Quinoa Black Bean Chili was a big bowl of soft, steaming comfort. Packed with  plenty of protein from quinoa and beans, it was colorful and pleasing with lots of tiny chopped carrot cubes brightening the bowl. Miso lends an interesting dimension here but somehow extra salt was added before being delivered from the kitchen , rendering the dish over-salted.  Stick with the recipe as it is written below and you’ll have a perfect bowl of vegan chili.


L opted for the Spicy Tuna Burger. Hand-cut string fries, a brioche from Eli’s, sriracha mayo and pickled daikon elevated this pescatarian’s dream to near perfection. The tuna burger was a generous moist mound of herb flecked fish cooked to medium doneness, the palatable blush that most tuna lovers love (if they don’t want it rare).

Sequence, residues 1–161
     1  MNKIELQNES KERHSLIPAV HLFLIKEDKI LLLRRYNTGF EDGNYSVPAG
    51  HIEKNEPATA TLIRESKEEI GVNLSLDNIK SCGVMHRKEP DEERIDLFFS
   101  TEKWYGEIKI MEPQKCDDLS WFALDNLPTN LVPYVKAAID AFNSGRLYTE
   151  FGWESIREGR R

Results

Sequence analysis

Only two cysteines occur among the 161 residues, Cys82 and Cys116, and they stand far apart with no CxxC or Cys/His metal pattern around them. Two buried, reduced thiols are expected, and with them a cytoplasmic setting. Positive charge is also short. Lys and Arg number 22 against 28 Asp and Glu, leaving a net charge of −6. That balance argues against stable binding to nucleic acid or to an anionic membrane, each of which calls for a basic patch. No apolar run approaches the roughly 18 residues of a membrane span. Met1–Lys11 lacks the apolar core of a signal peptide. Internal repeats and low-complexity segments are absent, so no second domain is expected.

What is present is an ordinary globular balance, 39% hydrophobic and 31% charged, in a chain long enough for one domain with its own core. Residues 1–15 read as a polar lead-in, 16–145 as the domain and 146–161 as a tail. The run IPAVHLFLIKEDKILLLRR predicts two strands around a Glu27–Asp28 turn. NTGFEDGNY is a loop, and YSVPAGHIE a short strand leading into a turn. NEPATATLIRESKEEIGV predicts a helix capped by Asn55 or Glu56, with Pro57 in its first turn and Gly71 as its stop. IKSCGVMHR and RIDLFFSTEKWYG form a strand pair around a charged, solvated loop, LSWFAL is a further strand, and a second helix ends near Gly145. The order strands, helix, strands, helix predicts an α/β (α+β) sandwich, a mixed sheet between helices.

Blackened Mahi Mahi Tacos were overflowing with chunks of spicy fish, napa slaw, avocado and tomato salad. A topping of pico de gallo lent a little heat and kept it authentic.

I can count on Nicholas Roberts’ menu to have a few wonderful surprises and this time I discovered the Farmers’ Market Vegetable Stuffed Socca.  The slightly sweet and nutty flavor of chickpeas are ground and made into a crepe, perfect for vegan and gluten-free eaters. The socca formed a firm, handy wrap for kale, corn and butternut squash. It was served with quinoa pilaf and sauteed swiss chard, making for a perfectly balanced and generous plate.


The dessert menu is brief and all items are made in house. Carrot Cake, Double Bourbon Chocolate Torte and Lemon Sabignon Tart were offered. Tempting, indeed, but a girl has to cut calories somewhere, no?